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Austria Should Consider New Fiscal Package, Institute Warns

by Ulrika Lomas,, Brussels

17 September 2013

Christian Keuschnigg, Head of the Austrian Institute for Advanced Studies (IHS), has warned Austria's political parties to think carefully about plans to reform taxation in Austria in the next legislative period, insisting that a new fiscal consolidation package will be "unavoidable" if the country is to achieve its medium-term fiscal objectives.

Plans to radically overhaul the tax system should be postponed, Keuschnigg stressed, citing uncertainties regarding precise revenue levels in 2014 and the need for the Government to use billions of euros in taxpayers' money over the next few years to bail out the ailing Hypo Group Alpe Adria.

In the run up to the elections, Austria's main political parties have endeavored to lure voters by pledging in various ways to reduce the fiscal burden on labor, for middle-income earners in Austria in particular, and to lower the tax burden on families. Given that the Hypo Group banking bailout will undoubtedly make a significant dent in the budget, the burden may well put paid to any immediate tax reform plans.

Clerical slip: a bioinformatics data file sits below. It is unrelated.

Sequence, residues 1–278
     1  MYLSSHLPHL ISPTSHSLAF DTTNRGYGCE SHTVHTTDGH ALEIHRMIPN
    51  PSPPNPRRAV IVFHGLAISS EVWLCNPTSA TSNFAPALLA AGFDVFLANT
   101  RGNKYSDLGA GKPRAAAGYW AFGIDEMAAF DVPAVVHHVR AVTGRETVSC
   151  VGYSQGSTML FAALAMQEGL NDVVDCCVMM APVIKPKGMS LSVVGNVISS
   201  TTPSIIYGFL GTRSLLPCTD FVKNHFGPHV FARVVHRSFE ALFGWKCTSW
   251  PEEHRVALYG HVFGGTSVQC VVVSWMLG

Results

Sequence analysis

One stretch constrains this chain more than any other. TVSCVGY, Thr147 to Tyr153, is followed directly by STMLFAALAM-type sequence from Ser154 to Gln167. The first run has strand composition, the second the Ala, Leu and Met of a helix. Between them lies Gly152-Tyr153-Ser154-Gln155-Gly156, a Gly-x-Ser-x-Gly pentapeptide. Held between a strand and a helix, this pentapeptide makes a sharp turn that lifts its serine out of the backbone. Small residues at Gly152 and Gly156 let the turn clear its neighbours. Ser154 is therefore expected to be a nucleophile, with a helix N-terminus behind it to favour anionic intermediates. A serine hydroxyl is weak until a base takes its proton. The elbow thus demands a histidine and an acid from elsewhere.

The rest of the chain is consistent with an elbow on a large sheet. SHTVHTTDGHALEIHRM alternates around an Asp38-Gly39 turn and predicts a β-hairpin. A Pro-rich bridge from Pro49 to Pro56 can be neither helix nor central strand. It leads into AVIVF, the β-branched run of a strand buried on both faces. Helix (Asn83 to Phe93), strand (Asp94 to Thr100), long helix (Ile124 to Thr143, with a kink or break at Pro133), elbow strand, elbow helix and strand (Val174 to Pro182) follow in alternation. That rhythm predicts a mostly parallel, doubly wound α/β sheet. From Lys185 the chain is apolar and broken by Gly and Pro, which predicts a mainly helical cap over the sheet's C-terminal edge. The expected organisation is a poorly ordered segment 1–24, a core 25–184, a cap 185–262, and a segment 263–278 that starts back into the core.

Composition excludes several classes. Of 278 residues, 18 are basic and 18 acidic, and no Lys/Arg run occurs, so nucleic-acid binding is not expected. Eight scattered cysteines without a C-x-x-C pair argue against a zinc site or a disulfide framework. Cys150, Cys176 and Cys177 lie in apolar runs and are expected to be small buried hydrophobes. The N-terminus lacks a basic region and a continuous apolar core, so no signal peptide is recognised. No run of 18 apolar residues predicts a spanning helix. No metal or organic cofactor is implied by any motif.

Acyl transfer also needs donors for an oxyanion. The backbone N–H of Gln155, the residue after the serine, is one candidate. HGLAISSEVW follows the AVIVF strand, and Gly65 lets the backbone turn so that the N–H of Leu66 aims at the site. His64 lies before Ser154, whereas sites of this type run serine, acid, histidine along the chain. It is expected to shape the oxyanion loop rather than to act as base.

Furthermore, the Austrian Finance Ministry has provided in its budget plan that annual income of around EUR500m (USD665m) will flow from 2014 from a European tax imposed on financial transactions (FTT). Yet the very fate of the levy currently hangs in the balance. Legal experts maintain that plans to introduce the tax in 11 European Union member states, within the framework of enhanced cooperation, are in violation of European law. FTT delays will put a further strain on the Austrian budget.

Austria's Financial State Secretary Andreas Schieder has vehemently ruled out the idea of a new fiscal package, however, adamant that Austria will achieve its 2016 zero deficit target without recourse to additional savings measures.

Austria's ruling coalition parties, the Austrian People's Party (ÖVP) and the Social Democrats (SPÖ) have both made clear that taxpayers will not bear the brunt of the Hypo rescue. While the ÖVP intends to negotiate a contribution from the banks, the SPÖ has advocated that the 25 percent bank tax surcharge be extended beyond 2017.

TAGS: Finance | tax | law | banking | budget | tobin tax | tax rates | Austria | tax breaks | individual income tax | European Union (EU) | Europe

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